Mentions: Each array was evaluated separately by a set of microarray quality control methods. Then we checked how well the quality metrics of each method agreed with the HOC score. There was large variation in the correlation with this external quality indicator (Figs 3 and 4). For example, in the case of the human blood dataset, the largest dataset in the study (Table 1), the IQRray method displayed nearly perfect correlation with the HOC score (Spearman correlation of 0.97) (Figs 3a and 4a). In contrast, NUSE and RLE (McCall et al., 2011), which are frequently used quality control methods, showed only a weak positive correlation (Figs 3b and 4b). For this human blood dataset, only a low fraction of samples came from experiments with fewer than six samples (Supplementary Table S1); thus, the low correlation with HOC cannot be explained simply by a lack of power, owing to an insufficient number of arrays in experiments. In general, across all analyzed datasets, NUSE and RLE performed poorly, which suggests that the scores returned by these methods are not directly comparable between independent experiments. All traditional single-array quality metrics, such as RNA degradation slope, average background (avbg), scaling factor and ratios between signal for the 3′ and 5′ ends of actin and GAPDH transcripts, show low performance, and the correlation was even negative for some of the methods for some datasets (Fig. 4a and b). The score from the GNUSE method, the only published method dedicated to absolute quantification of microarray quality (McCall et al., 2011), correlates well with the external quality metric only for mouse datasets, whereas for humans, GNUSE obtained poor results for nearly all datasets (Fig. 4b). The IQRray performed the best in 8 of 11 datasets. The other methods that displayed high agreement with the HOC score for both mouse and human data were percent present and the PM/MM t-test.Fig. 3.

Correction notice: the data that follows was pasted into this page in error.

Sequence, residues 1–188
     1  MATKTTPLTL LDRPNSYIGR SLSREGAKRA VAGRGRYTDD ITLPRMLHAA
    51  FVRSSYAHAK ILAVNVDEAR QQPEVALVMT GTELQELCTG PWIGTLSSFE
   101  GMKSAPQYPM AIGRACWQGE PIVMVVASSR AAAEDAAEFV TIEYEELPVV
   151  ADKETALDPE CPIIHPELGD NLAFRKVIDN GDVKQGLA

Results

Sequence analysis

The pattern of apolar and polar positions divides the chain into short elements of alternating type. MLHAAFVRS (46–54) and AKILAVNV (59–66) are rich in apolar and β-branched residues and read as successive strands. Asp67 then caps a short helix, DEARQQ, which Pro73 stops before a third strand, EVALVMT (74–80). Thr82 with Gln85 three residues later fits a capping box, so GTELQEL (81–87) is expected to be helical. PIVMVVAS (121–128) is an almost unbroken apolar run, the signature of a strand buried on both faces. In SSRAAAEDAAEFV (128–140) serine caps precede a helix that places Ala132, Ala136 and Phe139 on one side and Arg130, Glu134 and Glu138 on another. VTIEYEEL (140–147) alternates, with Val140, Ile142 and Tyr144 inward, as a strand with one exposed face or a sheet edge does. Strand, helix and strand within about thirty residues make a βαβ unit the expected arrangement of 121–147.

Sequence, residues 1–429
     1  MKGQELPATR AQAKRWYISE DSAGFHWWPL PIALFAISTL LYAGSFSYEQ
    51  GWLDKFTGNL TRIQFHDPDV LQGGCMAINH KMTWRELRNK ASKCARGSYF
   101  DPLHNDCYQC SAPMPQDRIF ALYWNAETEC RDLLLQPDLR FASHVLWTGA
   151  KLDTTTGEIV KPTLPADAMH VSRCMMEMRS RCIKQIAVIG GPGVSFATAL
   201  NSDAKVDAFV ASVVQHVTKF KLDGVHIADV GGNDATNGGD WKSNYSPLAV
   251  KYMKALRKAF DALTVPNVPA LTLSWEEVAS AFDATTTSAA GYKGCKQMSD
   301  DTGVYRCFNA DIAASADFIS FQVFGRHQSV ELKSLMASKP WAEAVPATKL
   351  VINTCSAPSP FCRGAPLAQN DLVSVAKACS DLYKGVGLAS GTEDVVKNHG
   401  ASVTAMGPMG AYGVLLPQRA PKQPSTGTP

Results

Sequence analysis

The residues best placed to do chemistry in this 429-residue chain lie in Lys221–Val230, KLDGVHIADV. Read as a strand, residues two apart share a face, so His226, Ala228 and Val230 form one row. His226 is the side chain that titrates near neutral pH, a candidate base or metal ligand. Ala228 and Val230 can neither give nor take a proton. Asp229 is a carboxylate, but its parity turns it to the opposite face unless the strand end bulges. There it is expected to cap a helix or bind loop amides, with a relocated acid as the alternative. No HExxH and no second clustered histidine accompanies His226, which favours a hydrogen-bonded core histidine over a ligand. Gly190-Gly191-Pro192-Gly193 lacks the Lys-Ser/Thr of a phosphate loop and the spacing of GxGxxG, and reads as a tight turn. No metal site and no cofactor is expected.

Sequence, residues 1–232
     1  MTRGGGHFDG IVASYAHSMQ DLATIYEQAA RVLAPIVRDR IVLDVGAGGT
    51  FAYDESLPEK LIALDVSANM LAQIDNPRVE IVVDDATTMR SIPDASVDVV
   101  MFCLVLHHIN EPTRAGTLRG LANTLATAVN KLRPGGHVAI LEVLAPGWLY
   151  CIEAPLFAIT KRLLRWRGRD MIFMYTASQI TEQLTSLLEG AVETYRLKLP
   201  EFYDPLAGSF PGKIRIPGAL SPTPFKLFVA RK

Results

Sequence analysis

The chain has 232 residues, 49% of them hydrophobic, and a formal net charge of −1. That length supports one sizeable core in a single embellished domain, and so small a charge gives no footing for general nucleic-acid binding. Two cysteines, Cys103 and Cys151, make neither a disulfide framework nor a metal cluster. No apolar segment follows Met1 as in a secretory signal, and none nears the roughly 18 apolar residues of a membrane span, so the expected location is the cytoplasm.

IQRray, a new method for Affymetrix microarray quality control, and the homologous organ conservation score, a new benchmark method for quality control metrics.

Rosikiewicz M, Robinson-Rechavi M - Bioinformatics (2014)

Spearman ρ values from correlation test between quality metrics and HOC score for (a) human and (b) mouse organ-specific datasets
© Copyright Policy - creative-commons
Related In: Results  -  Collection

License
Show All Figures
getmorefigures.php?uid=PMC4016700&req=5

btu027-F4: Spearman ρ values from correlation test between quality metrics and HOC score for (a) human and (b) mouse organ-specific datasets